Downloading Is Not on the D/L

This semester, infringement notices about illegal downloading of copyrighted material have been sent to Colgate students by the Recording Industry Association of America (RIAA) and the Motion Picture Association of America (MPAA) at a rate of 6-10 per week.

Three weeks ago, Chief Information Technology Officer David Gregory sent an email to the student body warning them about the risks of illegal downloading. The email was sent in response to a growing number of lawsuits against

academic institutions.

Last year, the (RIAA) filed hundreds of “John Doe” lawsuits against universities, including Colgate. Subsequently, a Colgate student was sued by the RIAA.

In a John Doe lawsuit, once the RIAA has discovered illegal trafficking, the University is required by law to identify the student involved. After that point, Colgate is no longer involved in the situation. Typically, the lawsuits are settled out of court for $10,000-12,000, though penalties can be even steeper.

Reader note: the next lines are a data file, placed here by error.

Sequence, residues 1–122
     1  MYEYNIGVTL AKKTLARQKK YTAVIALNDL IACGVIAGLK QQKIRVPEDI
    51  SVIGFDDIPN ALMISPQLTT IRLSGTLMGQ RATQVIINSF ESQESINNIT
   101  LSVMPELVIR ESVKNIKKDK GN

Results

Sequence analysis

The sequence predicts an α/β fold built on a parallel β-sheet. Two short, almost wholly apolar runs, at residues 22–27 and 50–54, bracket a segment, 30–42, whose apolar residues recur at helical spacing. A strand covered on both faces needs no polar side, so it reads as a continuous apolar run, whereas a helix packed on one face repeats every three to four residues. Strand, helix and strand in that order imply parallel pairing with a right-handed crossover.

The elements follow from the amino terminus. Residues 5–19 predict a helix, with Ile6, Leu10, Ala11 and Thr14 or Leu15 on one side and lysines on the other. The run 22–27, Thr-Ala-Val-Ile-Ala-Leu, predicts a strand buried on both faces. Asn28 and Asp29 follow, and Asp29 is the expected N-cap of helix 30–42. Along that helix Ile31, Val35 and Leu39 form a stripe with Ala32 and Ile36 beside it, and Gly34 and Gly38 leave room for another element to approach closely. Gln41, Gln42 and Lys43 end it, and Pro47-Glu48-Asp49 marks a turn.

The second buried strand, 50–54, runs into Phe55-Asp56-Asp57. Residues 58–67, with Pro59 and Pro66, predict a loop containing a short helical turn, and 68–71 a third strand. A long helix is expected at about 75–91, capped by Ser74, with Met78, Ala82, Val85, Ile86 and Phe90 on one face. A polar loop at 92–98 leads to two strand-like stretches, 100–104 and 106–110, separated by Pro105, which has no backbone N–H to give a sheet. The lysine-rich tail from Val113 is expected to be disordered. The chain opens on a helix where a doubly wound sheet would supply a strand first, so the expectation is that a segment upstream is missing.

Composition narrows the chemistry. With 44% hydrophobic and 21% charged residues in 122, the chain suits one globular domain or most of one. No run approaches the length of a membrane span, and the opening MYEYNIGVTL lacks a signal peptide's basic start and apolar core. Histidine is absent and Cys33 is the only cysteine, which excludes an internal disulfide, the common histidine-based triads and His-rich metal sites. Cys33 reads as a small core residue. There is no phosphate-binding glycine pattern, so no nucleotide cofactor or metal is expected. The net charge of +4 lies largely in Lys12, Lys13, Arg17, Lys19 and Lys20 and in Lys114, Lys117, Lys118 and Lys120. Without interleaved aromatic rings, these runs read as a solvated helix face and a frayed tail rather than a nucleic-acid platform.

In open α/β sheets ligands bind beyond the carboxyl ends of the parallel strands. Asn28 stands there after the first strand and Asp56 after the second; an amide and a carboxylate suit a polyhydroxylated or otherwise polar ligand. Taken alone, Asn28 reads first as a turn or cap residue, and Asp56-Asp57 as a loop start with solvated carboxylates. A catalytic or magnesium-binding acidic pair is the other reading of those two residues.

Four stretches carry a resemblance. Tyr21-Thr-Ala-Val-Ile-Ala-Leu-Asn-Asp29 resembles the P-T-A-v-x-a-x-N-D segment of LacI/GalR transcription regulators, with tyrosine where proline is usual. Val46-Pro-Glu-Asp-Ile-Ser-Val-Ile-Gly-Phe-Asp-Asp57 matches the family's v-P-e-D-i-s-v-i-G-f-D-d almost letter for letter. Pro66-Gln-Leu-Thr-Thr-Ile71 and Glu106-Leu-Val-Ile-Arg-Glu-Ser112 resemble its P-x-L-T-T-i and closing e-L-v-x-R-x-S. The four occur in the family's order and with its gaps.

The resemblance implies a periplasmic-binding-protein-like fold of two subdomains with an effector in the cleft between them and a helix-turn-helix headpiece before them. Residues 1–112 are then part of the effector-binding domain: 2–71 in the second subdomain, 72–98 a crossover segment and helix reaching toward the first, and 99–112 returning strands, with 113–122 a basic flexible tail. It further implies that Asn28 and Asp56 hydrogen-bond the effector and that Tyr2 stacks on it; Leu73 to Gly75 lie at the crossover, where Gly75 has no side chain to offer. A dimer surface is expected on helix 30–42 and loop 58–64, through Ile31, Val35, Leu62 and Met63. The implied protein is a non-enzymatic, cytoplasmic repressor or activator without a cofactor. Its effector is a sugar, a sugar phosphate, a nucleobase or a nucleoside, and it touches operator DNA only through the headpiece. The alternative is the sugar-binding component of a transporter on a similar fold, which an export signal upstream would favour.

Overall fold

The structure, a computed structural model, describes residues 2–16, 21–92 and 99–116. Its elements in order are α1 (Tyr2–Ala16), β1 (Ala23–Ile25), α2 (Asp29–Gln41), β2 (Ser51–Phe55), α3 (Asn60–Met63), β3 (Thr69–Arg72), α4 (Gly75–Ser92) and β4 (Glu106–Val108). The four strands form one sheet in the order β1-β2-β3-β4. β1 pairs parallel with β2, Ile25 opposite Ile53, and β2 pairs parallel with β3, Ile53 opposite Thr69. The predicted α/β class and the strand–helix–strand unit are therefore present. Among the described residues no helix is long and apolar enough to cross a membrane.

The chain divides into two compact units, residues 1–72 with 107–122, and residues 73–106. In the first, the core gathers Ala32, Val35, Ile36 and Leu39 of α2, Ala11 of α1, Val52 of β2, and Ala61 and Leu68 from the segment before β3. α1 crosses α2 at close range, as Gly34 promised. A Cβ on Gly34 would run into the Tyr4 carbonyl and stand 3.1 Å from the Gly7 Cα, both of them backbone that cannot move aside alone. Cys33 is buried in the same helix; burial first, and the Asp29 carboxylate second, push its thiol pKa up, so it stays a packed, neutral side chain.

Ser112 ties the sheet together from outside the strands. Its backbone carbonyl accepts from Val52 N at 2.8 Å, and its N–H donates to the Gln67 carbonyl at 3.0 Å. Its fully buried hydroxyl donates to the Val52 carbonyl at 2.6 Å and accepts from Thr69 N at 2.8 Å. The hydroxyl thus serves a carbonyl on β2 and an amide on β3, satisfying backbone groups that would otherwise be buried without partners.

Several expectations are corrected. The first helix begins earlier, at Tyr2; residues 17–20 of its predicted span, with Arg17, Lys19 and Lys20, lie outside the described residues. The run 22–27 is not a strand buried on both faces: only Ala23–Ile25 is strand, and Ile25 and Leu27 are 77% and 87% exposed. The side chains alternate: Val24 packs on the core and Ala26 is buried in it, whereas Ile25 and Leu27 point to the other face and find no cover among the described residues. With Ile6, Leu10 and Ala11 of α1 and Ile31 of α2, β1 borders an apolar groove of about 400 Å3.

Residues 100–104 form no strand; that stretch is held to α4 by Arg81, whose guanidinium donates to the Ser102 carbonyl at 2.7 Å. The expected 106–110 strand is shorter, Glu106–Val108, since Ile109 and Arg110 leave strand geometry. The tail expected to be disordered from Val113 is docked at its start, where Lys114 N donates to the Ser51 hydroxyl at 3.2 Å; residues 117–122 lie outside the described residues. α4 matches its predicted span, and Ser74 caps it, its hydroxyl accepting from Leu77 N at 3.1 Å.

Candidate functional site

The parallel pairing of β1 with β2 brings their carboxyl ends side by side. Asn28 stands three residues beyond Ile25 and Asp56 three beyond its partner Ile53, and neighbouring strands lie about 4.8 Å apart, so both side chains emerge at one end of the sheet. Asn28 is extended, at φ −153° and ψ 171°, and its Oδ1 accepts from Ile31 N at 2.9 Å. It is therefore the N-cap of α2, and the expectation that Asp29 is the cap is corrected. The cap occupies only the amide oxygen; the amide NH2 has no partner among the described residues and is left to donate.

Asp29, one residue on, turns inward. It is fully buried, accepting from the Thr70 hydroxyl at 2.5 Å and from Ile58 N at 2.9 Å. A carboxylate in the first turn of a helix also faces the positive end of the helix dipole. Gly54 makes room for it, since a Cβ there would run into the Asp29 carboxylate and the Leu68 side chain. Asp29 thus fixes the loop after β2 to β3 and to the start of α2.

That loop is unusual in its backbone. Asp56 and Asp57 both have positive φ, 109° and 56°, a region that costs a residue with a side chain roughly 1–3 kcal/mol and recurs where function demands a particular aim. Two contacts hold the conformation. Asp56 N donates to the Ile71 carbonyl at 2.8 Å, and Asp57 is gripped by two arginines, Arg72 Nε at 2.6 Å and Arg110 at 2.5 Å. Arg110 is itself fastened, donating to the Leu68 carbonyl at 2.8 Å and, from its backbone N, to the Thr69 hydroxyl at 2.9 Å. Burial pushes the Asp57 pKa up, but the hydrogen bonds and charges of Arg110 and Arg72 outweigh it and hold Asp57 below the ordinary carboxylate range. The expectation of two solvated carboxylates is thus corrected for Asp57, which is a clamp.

The MPAA has also filed lawsuits, demanding penalties of $30,000 or more per download.

Students caught illegally downloading material must remove the software from their computer and appear before the Disciplinary Board, which may suspend the student of his or her computing privileges.

Although many students have received infringement notices, a lawsuit has been filed against one unnamed student.

Although illegal trafficking slowed slightly after last year’s lawsuit, it has returned to the same levels as last year at the time of the lawsuit.

“Students don’t really grasp the problem,” Gregory said. “There has been just as much illegal trafficking this year as the last. However, students are at great risk when they don’t use legal downloading options; they are inviting a lawsuit to happen, which can be very hurtful.”

Gregory encourages students to look for legal ways to download the

music or movies they want.

“It is just like going into a store and stealing a CD,” Gregory said. “Make no mistake that one can get in serious trouble illegally downloading and sharing copyrighted files,” Gregory said. “It is not worth the risk of legal and/or disciplinary action that could ruin your college career.”